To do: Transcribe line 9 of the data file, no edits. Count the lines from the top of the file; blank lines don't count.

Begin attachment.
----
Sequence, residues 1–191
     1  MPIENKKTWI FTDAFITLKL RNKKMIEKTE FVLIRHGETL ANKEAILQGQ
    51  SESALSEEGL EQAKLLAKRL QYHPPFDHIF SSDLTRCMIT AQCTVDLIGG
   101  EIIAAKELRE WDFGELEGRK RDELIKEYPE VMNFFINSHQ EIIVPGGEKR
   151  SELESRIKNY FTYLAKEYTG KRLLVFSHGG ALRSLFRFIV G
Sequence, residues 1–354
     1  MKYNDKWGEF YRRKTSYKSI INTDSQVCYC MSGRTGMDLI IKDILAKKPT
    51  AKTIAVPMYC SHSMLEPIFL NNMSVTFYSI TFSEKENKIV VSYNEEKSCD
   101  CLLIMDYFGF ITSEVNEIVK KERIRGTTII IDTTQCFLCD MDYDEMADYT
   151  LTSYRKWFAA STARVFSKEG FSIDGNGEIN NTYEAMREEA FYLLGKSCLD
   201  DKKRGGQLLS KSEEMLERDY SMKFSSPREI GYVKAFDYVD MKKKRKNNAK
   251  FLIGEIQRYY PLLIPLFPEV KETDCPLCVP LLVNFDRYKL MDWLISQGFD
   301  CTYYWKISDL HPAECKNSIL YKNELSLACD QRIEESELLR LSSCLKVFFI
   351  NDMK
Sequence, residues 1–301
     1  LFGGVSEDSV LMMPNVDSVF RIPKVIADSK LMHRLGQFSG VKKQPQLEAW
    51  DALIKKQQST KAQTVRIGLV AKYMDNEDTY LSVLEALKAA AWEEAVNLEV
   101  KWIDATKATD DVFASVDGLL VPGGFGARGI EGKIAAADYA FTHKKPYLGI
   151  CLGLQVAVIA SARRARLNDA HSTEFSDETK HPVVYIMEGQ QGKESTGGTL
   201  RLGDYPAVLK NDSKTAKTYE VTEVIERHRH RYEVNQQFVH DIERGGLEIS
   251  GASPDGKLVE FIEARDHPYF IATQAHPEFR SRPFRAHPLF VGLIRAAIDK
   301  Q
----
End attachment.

   101  CLLIMDYFGF ITSEVNEIVK KERIRGTTII IDTTQCFLCD MDYDEMADYT